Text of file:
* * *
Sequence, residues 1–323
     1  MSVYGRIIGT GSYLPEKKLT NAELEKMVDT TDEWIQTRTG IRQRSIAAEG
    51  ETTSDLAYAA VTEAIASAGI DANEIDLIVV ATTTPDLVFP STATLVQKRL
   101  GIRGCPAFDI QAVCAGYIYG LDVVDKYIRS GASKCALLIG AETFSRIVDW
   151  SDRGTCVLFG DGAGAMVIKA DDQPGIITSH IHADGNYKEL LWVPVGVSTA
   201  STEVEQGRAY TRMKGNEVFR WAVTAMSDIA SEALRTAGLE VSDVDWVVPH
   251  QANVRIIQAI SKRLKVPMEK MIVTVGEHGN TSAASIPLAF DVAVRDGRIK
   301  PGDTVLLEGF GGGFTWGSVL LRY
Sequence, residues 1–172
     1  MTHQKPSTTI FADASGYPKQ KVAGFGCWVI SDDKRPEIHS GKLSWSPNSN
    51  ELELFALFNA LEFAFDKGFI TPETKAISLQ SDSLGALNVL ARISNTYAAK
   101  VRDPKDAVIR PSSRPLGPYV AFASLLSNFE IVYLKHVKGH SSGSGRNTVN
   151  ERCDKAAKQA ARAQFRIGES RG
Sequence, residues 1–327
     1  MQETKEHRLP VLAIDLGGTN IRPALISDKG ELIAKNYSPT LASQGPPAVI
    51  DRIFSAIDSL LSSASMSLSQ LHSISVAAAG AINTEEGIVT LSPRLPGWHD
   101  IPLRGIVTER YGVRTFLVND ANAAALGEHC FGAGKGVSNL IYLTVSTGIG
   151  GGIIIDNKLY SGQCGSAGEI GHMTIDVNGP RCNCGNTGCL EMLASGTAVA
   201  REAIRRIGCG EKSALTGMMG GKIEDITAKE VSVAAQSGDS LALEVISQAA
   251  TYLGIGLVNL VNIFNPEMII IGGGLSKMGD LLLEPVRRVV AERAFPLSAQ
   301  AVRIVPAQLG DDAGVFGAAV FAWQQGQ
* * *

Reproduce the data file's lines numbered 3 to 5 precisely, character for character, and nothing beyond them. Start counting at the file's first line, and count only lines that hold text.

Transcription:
    51  ETTSDLAYAA VTEAIASAGI DANEIDLIVV ATTTPDLVFP STATLVQKRL
   101  GIRGCPAFDI QAVCAGYIYG LDVVDKYIRS GASKCALLIG AETFSRIVDW
   151  SDRGTCVLFG DGAGAMVIKA DDQPGIITSH IHADGNYKEL LWVPVGVSTA